Tian Nan Xing
Tian Nan Xing (Rhizoma Arisaematis)——Shen Nong Ben Cao Jing (Shen Nong’s Herbal)
The Processing of Tian Nan Xing
The dry tuber of perennial herbaceous plant Arisaema erubescens (Wall.) Schott, A. heterophyllum Bl. or A. amurense Maxim. of family Araceae.
Henan, Sichuan provinces and northeast China.
Collected in autumn and winter when stem and leaf withered.
The actual smell and taste
Lightly pungent smell and spicy taste.
Big, white, powder-like.
Processed with ginger juice and alum.
The Effect of Tian Nan Xing
Bitter, pungent, warm, toxic; lung, liver and spleen meridians entered.
Dry dampness and resolve phlegm, extinguish wind and stop spasms, resolve swelling and dissipate nodulation externally.
A. Damp-phlegm, cold-phlegm
Its action of drying dampness and resolving phlegm is slightly weaker than that of Ban Xia while warmer, dryer and more toxic than that of Ban Xia. So it is not used as common as Ban Xia when treating damp-phlegm and cold-phlegm. For damp-phlegm obstruction of lung, cough and profuse expectoration and distension and oppression of chest and diaphragm, it is usually combined with dampness-drying and phlegm-resolving herbs. For instance it is combined with Ban Xia, Zhi Shi and Ju Hong n Dao Tan Tang from Chuan Xin Shi Yong Fang (Practical Prescription of Message Delivery). For cough due to phlegm-heat, it is combined with lung-clearing and phlegm-resolving herbs. For instance it is combined with Huang Qin and Ban Xia in Xiao Huang Wan from Bao Ming Ji written by Zhang Jiegu.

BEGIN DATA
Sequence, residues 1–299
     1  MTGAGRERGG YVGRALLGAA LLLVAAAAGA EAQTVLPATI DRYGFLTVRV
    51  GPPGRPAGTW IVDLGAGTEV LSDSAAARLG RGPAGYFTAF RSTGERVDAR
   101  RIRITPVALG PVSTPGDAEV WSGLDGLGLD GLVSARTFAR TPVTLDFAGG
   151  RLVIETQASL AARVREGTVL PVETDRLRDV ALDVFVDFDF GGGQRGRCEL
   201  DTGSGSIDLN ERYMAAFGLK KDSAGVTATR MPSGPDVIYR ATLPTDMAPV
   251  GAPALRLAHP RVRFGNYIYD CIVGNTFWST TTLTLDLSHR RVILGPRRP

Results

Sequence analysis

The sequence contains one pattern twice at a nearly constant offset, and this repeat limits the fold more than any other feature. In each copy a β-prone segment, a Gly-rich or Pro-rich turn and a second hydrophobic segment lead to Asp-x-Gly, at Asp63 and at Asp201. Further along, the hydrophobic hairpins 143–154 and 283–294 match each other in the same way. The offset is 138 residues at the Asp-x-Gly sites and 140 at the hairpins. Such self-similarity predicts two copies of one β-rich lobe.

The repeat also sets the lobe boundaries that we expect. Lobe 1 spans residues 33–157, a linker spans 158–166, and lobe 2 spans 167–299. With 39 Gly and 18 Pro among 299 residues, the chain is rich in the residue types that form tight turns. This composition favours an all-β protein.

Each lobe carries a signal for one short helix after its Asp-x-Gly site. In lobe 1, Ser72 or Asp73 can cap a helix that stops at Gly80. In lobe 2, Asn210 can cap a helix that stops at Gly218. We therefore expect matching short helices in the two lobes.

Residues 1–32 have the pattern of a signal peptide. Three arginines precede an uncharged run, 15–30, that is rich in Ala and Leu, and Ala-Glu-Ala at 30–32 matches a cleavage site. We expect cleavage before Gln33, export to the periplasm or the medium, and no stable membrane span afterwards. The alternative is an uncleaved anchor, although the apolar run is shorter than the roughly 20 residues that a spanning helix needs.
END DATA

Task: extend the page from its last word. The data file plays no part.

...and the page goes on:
B. Syndrome of wind-phlegm
This herb is good at dispelling wind-phlegm from meridians and collaterals to stop spasms, so it is usually indicated for all the syndromes of wind-phlegm. For hemeplega, stubborn numbness of hands and legs, and deviated mouth and eyes resulted from wind-phlegm accumulation of meridians and collaterals, it is usually combined with damp-drying and phlegm-resolving herbs. For instance it is combined with Ban Xia, Bai Fu Zi and Chuan Wu in Qing Zhou Bai Wan Zi from Tai Ping Hui Min He ji Ju Fang. For wind-phlegm vertigo, it is usually combined with dampness-drying and phlegm-resolving herbs and liver-pacifying and wind-extinguishing herbs such as Ban Xia, Tian Ma and Gou Teng. For epilepsy caused by upward obstruction of phlegm and turbidity in clear orifice, it is combined with phlegm-resolving resuscitatives and wind-extinguishing and spasms-stopping herbs. For instance it is combined with Ban Xia, Quan Xie, Jiang Can and She Xiang in Wu Xian Wan from Yang Shi Jia Chang Fang (Yang's Family Recorded Prescriptions).
C. Abscess, deep rooted carbuncle, swelling and pain, snake and insect bite
This herb can attack toxin, dissipate nodulation and resolve swelling externally. It is ground with vinegar singly for external application. For exuberant heat-toxin accumulation, it is better combined with other heat-clearing and toxicity-relieving herbs, and abscess and swelling-dispelling herbs. For instance it is combined with Da Huang, Tian Hua Fen and Huang Bai in Ru Yi Jin Huang San from Wai Ke Zheng Zong. For phlegm nodule and scrofula, it is ground and mixed with vinegar for external application, or combined with other phlegm-resolving and nodulation dissipating herbs. For poisonous snake bite, it is combined with Xiong Huang applied externally.
Dosage and Administrations
Decoct 3~10 g. Mostly processed. Proper dose for external application.
Prohibited for yin deficiency with dry phlegm and the pregnant women.